Interviews
Design: Challenges Of Scaling, Creating & Being Human

As a long-time Apple executive and a former Head of Product Design at Pinterest, Bob Baxley is a seasoned design expert. With nearly three decades of experience behind him, Bob is now enjoying retirement, mentoring and advising companies about design and challenging the education industry to promote design courses at university level.

Speaking to Winter Circle as a member, he explores the shifts in the industry: why design no longer needs to justify its seat at the table, how it’s more important than ever for designers to connect with their users and why that little-known tech company in Cupertino can still teach other executives a lot about really knowing their product.

Reflecting on his legacy and a memorable moment with Steve Jobs, he simply says “we’re not building cathedrals and pyramids, we’re building sandcastles on the beach. Everything I’ve worked on has been washed out to sea after a few years. I think people get caught up in thinking they’re creating something that’s going to last forever. It doesn’t.”

How have you seen the design industry shift over the past decade or two? I would have thought that design has in some ways come more to the fore than it once was – is that an accurate assumption?

The iPhone X has just come out, 10 years after the initial iPhone. The App Store came out about 18 months after the first iPhone and my sense is that we didn’t really start to design software in a meaningful way until the advent of the Apple App Store and until smartphones really started taking off. That created enormous demand for high-quality software because people were using apps a lot.

To my mind, we’ve only seriously been designing software for maybe eight years and during that time, there has been an enormous shift. If you looked at the industry before then, you’d see designers talking about how hard it was to justify design as an activity to their executive teams, to get a seat at the table. Fast-forward less than a decade and I’m hosting panels about scaling design at large companies, talking to the Chief Creative Officer at SAP and the VP of Design at Walmart Labs. Design is not trying to justify its seat at the table anymore.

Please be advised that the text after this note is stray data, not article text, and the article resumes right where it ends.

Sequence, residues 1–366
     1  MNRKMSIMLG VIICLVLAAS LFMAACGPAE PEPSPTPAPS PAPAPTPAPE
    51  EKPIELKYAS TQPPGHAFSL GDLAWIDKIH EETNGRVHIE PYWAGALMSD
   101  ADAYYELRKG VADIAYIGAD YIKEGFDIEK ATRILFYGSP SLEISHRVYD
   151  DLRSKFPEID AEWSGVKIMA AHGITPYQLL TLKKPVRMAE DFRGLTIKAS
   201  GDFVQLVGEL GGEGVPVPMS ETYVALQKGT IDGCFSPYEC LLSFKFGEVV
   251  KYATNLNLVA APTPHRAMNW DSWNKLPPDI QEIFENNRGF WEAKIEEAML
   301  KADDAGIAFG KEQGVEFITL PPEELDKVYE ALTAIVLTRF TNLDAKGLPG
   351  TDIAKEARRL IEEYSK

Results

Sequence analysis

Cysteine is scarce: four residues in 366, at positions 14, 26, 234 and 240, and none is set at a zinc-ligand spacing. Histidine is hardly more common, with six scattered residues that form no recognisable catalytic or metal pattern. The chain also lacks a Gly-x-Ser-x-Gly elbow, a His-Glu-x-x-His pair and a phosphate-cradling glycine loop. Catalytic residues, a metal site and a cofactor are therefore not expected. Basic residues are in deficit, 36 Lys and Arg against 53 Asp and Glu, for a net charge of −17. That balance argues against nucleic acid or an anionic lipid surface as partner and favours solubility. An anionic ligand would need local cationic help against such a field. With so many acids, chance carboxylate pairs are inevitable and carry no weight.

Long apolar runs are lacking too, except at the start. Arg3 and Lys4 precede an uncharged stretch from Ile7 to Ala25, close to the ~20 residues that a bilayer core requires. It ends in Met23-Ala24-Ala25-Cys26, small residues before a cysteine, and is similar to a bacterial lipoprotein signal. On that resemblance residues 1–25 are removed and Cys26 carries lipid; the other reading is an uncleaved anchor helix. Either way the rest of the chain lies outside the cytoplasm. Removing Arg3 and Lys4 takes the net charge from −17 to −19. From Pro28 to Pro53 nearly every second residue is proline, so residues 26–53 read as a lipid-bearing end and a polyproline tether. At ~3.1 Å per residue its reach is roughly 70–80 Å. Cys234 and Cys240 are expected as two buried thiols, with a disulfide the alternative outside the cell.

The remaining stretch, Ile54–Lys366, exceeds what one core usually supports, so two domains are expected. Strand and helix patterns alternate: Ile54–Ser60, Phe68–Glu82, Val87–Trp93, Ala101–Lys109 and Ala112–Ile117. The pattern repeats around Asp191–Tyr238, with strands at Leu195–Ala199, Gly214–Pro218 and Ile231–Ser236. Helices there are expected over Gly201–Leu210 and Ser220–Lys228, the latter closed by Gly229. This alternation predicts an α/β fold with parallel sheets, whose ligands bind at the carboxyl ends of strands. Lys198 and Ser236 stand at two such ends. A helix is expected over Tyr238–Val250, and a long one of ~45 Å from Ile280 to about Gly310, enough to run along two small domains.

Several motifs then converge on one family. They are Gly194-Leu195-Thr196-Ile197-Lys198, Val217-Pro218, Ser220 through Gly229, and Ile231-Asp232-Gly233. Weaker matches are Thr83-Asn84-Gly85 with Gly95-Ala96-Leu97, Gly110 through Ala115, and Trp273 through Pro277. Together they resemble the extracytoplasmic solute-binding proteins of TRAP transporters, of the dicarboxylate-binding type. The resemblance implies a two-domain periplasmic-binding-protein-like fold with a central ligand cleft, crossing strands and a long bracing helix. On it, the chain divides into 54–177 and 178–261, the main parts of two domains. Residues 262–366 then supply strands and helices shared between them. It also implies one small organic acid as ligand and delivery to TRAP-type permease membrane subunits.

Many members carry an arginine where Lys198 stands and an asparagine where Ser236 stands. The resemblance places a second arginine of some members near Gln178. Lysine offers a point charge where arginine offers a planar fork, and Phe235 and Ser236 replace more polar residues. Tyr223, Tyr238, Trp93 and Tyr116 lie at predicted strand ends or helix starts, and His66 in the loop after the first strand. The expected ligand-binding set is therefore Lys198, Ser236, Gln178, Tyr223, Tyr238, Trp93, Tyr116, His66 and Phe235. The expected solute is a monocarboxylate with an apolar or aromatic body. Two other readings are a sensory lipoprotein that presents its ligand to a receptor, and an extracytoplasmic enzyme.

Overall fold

I can do the math and work out something I’ve worked on has touched a billion people.

We’re at a point now where we’re trying to develop standardised methodologies and techniques as well as ways of communicating to allow the profession to scale. We’re developing professional infrastructure. Almost every other profession already has professional groups, university programmes, mentoring programmes, they know how departments are organised, they know what specialities look like and what career levels look like. We’ve come a pretty long way considering it’s only been seven or eight years, but there’s still a long way to go.

What would you say are the main trends in the industry – what is everyone buzzing about?

What I see in the online chatter is that there seems to be a lot of evolution and interest in design tools, as well as ideas on how to collaborate. I’ve seen quite a bit of emphasis lately on design leadership and the more prominent writers in the field, like Julie Zhuo at Facebook, write mostly about management issues.

The conversation around design management is indicative of a profession that is trying to scale. When you only had three or four people in the design department, you didn’t think about what it means to be a great design leader. That’s increasingly a discussion – how you hire, how you recruit, how you figure out the culture, how a design team interacts with product and engineering. More and more, designers are wrestling with the question of whether they want to stay individual contributors or take a management track. When you think of traditional designers, like graphic designers or even industrial designers, usually they’re leading really small studios and they don’t have to wrestle with the idea of becoming VP and leading a 200-person department. Designers still think so much [about design]. Their currency is their craft.